Holiday planners for the mega wealthy have lifted the lid on how multi-millionaires and billionaires go on vacation.
Two consultants with the OvationNetwork, which aims to provide the highest possible service for ultra-rich clients, have told of the enormous lengths they go to to ensure a six-star experience.
As well as regularly turning down would-be customers who don’t have enough cash, Fiona Bayne and Lindy Sack’s jobs involve concocting mega-premium holidays in enormous detail for some of the world’s richest people.
If their clients want to find a picnic set up on the hill top after a helicopter ride across a bay, they have the logistical chops to make it happen.
If a last minute demand for an exclusive, completely booked out restaurant comes through, they have the contacts to ensure the maître de finds an extra table.
“You won’t find an advert for us on the tube or in a newspaper,” Lindy explained from her home in Cape Town.
“My clients come with a very clear idea of what they want. My clients don’t come up with a budget. I say it costs this.
“If they’re speaking to me, there’s a cost of my time, if they come to me with a low budget, I would send them away.
“If they have $1,000 or $100,000, it takes the same amount of my time.”
One of the keys to being a successful high-end holiday planner is to get the small details right.
Another important quality is the ability to pick out the best rooms and the world’s best hotels.
“If they’re going to a hotel, we let them know it’s their birthdays, their anniversary, or that the three-year-old’s teddy bear needs to be in the room,” Lindy said.
“Six stars is everything. The Four Seasons, for example, is six stars. It has exemplary service, when you leave the bedroom on the first night, they know and they will welcome you by name at the restaurant.
“Six stars means leaving no stone unturned.
“I had clients check in to a hotel in the UK, the three and four-year-old kids had monogrammed pillows and a gown. That is six stars.”
Another essential quality of a billionaire’s holiday is that they’re not made to wait.
“Sometimes we will arrange a Mercedes S-class to come to their hotel to pick them up,” Lindy said.
“Last month I helped my clients in Paris skip the queue at the Eifel tower. It’s done properly.”
This season helping their flushed charges skip the queues at for check in and luggage reclaim is a major part of their job.
Even for the very rich airport logistics can’t be completely ignored.
Lindy continued: “The airport thing makes them frustrated, but it’s out of their control. I pre warn them.
“They can throw their toys out of the cot. With high net worth individuals you have to stroke their ego. Yes sir, no sir, three bags full sir.”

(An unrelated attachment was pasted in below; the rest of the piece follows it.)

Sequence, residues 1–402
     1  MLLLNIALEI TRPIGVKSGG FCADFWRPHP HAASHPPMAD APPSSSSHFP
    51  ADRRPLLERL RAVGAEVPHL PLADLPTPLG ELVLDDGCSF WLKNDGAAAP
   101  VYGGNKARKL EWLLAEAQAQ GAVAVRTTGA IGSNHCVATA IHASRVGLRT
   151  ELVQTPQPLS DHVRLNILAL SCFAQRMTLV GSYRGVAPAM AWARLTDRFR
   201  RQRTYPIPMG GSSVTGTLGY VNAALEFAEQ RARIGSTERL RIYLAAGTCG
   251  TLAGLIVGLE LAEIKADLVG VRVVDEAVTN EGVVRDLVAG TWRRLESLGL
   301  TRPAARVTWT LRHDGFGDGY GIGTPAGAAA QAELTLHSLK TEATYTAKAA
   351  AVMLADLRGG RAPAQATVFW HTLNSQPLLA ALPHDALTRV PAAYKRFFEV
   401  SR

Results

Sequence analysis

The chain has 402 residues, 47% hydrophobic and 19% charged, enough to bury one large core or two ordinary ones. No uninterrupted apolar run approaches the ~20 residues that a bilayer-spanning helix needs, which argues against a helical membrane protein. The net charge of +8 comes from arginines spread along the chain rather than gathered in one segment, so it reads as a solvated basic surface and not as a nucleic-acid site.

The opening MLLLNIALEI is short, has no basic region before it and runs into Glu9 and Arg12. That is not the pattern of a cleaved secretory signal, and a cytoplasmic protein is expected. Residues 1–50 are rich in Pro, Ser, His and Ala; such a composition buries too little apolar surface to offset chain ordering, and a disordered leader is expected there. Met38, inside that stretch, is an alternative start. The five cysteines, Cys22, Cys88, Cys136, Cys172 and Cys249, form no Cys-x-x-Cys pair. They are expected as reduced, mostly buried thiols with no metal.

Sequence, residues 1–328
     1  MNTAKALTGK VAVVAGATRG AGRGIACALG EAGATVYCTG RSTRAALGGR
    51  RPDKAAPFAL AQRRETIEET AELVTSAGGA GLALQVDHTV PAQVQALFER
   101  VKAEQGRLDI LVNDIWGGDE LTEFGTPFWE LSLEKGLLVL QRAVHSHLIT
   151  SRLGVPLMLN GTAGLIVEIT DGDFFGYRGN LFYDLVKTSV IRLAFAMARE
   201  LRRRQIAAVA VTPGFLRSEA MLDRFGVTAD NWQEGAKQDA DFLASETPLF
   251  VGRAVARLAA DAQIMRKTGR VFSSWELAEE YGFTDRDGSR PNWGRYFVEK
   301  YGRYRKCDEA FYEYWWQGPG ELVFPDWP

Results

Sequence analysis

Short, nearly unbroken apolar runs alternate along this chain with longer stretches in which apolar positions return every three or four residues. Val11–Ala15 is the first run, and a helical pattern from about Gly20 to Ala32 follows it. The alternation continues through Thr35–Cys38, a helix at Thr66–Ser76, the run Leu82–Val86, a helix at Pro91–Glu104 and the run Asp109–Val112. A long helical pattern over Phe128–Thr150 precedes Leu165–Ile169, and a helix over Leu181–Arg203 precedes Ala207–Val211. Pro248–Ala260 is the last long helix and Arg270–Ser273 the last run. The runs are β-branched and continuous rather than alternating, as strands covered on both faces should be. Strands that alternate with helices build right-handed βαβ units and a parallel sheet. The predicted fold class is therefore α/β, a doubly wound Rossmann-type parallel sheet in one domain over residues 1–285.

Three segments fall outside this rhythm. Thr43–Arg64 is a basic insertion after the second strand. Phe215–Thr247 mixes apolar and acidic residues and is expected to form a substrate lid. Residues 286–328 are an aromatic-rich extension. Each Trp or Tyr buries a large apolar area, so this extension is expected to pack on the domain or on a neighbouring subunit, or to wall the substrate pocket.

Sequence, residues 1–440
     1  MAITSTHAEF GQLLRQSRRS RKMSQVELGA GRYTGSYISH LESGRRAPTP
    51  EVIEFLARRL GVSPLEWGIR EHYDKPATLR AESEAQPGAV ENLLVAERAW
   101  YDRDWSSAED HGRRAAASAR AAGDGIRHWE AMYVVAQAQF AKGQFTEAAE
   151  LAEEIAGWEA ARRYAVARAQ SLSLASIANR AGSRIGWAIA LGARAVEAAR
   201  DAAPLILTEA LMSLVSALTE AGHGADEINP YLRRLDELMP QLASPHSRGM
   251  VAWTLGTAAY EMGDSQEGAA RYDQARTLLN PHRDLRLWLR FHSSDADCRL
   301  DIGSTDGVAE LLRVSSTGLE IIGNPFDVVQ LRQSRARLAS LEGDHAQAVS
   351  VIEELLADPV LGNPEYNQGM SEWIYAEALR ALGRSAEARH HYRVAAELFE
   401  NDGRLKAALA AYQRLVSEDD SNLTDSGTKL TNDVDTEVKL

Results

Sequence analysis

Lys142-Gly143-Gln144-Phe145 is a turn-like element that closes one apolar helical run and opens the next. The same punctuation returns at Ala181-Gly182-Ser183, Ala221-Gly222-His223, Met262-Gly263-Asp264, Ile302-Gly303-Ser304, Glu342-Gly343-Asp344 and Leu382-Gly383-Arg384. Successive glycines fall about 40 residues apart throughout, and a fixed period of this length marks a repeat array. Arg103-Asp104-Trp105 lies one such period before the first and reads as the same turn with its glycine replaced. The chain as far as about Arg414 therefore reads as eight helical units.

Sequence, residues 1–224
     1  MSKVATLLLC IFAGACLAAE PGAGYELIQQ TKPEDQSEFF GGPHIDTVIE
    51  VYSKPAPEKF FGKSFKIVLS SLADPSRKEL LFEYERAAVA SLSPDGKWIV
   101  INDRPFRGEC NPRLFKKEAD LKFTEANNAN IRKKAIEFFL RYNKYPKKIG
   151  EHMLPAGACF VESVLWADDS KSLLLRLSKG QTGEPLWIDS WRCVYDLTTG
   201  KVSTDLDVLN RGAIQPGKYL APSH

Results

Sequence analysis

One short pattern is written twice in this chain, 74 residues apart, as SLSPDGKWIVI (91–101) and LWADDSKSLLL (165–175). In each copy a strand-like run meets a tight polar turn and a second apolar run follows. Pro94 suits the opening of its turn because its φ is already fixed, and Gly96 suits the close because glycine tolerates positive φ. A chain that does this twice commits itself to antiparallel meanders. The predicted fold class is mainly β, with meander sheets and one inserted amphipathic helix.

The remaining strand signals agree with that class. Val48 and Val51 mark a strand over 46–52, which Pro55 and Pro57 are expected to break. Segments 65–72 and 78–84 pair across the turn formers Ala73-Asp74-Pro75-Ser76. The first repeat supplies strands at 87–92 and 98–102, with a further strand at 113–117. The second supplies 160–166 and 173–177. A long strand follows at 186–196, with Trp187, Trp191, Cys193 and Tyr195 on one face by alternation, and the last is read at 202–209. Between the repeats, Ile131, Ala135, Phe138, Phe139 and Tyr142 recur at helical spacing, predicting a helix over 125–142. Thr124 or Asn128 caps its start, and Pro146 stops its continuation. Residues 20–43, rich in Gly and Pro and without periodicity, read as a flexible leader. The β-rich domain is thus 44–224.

One of her clients insists on travelling via Gatwick’s Sussex Suite, a £6,000 upgrade to the first class lounge which lays on private immigration officials to check customer’s documents and a chauffeur driven car to take them to the plane.
“It’s for people who don’t want to stay with the commoners in the first class longue,” Lindy joked.
“A Mercedes takes you to the plane.”
When asked whether they ever pushed back on some of the their clients seemingly less-cash efficient choices, Fiona said: “It’s about being separate, it’s about saving time. You don’t tell people not to spend their money.”
One thing that is popular with the very rich at the moment are cruises – albeit done the exclusive way.
“I do quite a lot of cruises,” Fiona said.
“Multi-generational trips. They work really well for that. I was recently on a ship, a new one, they have a separate area where they have the most beautiful suites. They have their own private swimming pool, their own restaurants, there is a division with the rest of the ship.
“The kids like going to the main ship and the parents stay in the private part. The suites are fabulous. They are enormous.
“Two bedrooms with full sitting room, terraces, dining room, jacuzzi, you name it. One cruise I did recently was £40,000 for the big suites, £30,000 for the smaller suite.”
In terms of destinations, Italy, Greece and South Africa are “huge at the moment”.
Lindy admitted that after 17 years in the industry, very little shocks her when it comes to opulence.
“I did a yacht about two years ago for a man who’s on the Forbes List in the US,” she said.
“I didn’t know at first. He’s the most down to Earth, low-key guy. He took his family on a $300,000 yacht on the Med for a week.
“Nothing blows me away anymore. The helicopters, the yachts, clients wanting a table at a top restaurant when it’s full. Getting tickets to sold out concerts.
“It’s about having the contacts, then throwing the money. Some clients will say ‘I don’t say what it costs, make it happen. We’re talking the Wimbledon final, Formula One. It can be super stressful.”
While working for people busy running companies the size of a small country can be exhausting work, there are perks.
“One time one of my clients loaned me his hundred foot yacht to take my clients out on cruise in New York,” Fiona said.
Successfully delivering a dream holiday for a difficult to please customer also gives her a great deal of satisfaction.
“One of my clients, a couple, were coming up to a big birthday and they were going to go around the world, and have two weeks in New Zealand,” Fiona explained.
“She is quite a difficult, exacting person. I happened to do the travel for the whole family. I do the lot for this family. Every body said there is no way she’d do the whole month, she’d be home in two weeks.
“She has a short attention span, so everything has to be really interesting for her to continue. She came back and I got the loveliest letters and flowers saying how lovely it was.
“I organised private helicopter flights and a walk up to this beautiful bay where they found a private picnic waiting for them. They absolutely adored it.”